43.33 14.56 47.04 47.88 39.28 51.7461.22 47.60 64.83 64.7 52.06 71.660.55 19.39 54.63 50.36 46.36 63.3757.57 9.68 61.21 66.73 54.12 72.8743.49 7.51 41.33 44.68 28.1 56.2113.45 13.12 113.86 123.72 92 134.5467.15 22.80 67.92 64.88 55.59 70.3443.23 11.91 45.43 48.21 41.63 53.9132.55 32.16 33.56 33.98 30.97 36.4515.56 16.26 16.8 16.59 14.6 18.4853.21 11.16 53.98 59.43 48.17 78.3436.25 9.08 38.76 37.73 34.5 43.4432.07 58.63 30.55 33.31 22.62 37.08136.09 18.51 137.48 144.55 115.14 158.8371.86 12.27 75.95 81.96 70.23 107.1290.40 25.61 95 94.81 75.94 100.8738.98 22.82 39.96 40.51 36.56 4557.42 16.97 58.19 59.15 49.33 64.9917.54 - 17.04 17.07 12.62 19.7443.31 12.30 44.3 48.71 35.11 54.5830.91 11.41 31.59 32.78 29.55 38.9372.68 12.93 75.44 82.6 66.55 97.5694.40 95.93 91.63 85.5 70.32 99.2414.28 15.42 14.26 15.17 10.44 16.7724.80 - 25.23 26.25 19.37 28.6830.51 11.27 30.38 34.1 24.62 38.99629.25 29.65 630.36 570.15 486.22 678.64115.12 22.45 116.89 113.92 86.35 123.8144.51 12.71 151.28 162.1 140.62 19584.78 16.96 86.29 92.91 78.79 100.1460.94 - 65.25 65.01 50.07 70.6167.45 63.99 67.52 64.66 58.83 69.8949.21 12.89 54.76 65.64 49.01 79.675.44 - 75.23 75.96 61.42 81.225.53 - 25.29 26.44 21.14 29.2197.05 22.58 97.59 97.13 87.5 101.8870.33 32.65 74.13 75.85 55.54 79.543.48 29.38 44.89 44.87 39.72 50.058.50 30.69 9.14 11.19 8.25 13.9667.09 26.68 64.47 61.84 56.4 70.26102.62 230.09 111.39 90.1 45.08 129.297.54 - 7.63 8.71 4.26 9.7793.05 21.51 95.13 95.56 76.48 100.7620.52 14.70 20.58 20.57 16.56 23.3625.38 - 24.53 33.04 19.08 48.25155.58 20.42 161.7 155.63 111.28 170.739.47 17.04 38.02 39 28.4 47.177.90 10.03 8.57 9.27 7.26 1276.62 - 78.53 80.42 58.72 85.81260.62 - 247.69 237.34 181.4 286.6527.96 - 27.79 37.96 21.01 55.9960.31 8.74 57.07 58.81 39.46 74.5269.79 28.89 72.21 69.17 48.8 76.9263.34 13.22 67.96 74.74 61.5 90.9786.49 - 90.61 88 58.39 97.349.89 22.87 50.77 50.7 45.5 55.9351.24 16.29 52.56 50.94 41.04 55.79
WALL STREET WEEK IN REVIEW
hind light trucks, includingSUVs.
Overall sales of lighttrucks in the country in-creased 8.6 percent in Au-gust compared with the samemonth a year ago, while sales
of passenger cars droppedabout 10 percent, accordingto Autodata.
Carmakers who rely moreon sedans for sales also strug-gled in August.
Toyota, with its householdbrand Camry, saw sales dipnearly 9 percent, based onAutodata figures. Honda sawsales drop 7 percent, while
Nissan saw a mere 0.8 per-cent decline.
Despite the tepid sale per-formance recently for Nis-san, business at MLady Nis-san has fared better this yearthan in previous years. Thedealership has sold about 400more new vehicles in 2015than at this point last year,MLady said.
While the economy hasstrengthened, Nissan haslaunched a wave of new prod-ucts and advertising, he said.Combined with low interestrates, the efforts are drivingconsumers to the CrystalLake dealership.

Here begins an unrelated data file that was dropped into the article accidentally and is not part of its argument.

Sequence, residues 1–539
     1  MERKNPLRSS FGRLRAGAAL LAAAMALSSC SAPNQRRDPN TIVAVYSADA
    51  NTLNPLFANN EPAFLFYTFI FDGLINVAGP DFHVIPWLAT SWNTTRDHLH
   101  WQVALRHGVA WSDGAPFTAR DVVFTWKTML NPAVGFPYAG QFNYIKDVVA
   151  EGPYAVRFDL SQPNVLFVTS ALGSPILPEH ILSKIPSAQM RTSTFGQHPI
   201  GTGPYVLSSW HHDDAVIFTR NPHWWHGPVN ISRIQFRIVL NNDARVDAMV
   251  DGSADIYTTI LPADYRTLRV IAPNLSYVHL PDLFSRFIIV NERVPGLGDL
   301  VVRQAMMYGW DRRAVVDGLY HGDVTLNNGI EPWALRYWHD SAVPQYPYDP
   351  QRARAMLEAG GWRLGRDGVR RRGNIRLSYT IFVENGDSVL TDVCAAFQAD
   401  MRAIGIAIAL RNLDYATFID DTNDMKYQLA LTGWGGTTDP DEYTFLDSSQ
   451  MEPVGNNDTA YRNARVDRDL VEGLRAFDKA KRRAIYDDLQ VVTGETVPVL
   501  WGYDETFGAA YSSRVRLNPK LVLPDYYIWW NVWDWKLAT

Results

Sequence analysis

Its crazy the amount oftraffic we are having at thedealership, MLady said.
dent of the Hispanic Associa-tion on Corporate Responsi-bility, an organization aimedat increasing Hispanic em-ployment in U.S. companies.
Companies that dontembrace Hispanic inclusionrun the risk of being labeleda company that does not em-brace diversity, and theymight make a mistake in howthey market to our commu-nity, Wilson said.
Some companies, how-ever, havent yet gotten thememo that marketing to eth-nic groups, including Hispan-ics, is smart business. In asurvey of 150 marketing ex-ecutives, 55 percent said theydidnt have the support oftheir CEOs for multiculturalmarketing programs, and 60percent said they didnt havethe support of their boards ofdirectors. That has left fewmarketing dollars allocatedto multicultural marketing;only 14 percent said a quar-ter or more of their budgetsare devoted to multiculturalmarketing. The survey wasreleased by the CMOCouncil,an association of marketingexecutives, and Geoscape, aconsulting company.
However, sensitivity to the
Hispanic population led com-panies including Macys andthe Spanish-language TV net-work Univision to end theirrelationships with Republi-can presidential candidateDonald Trump in responseto his comments describingsome Mexican immigrants asrapists and criminals.
Hispanics are becominga force by themselves, saidJose Torres, a franchisingconsultant in Coral Gables,Florida. It would be foolishfor any company to ignorethat segment of the market.
When Antonio Swadopened Pizza Pizza in a His-panic section of Dallas in1986, he quickly found his in-ability to speak Spanishmadeit hard to communicate withcustomers; his background isItalian and Lebanese. Swadhired Spanish-speaking em-ployees and began servingpizzas with ingredients suchas chorizo that his custom-ers, many of them Mexican,liked. His business, renamedPizza Patron, grew as wordgot around that his store of-fered good service.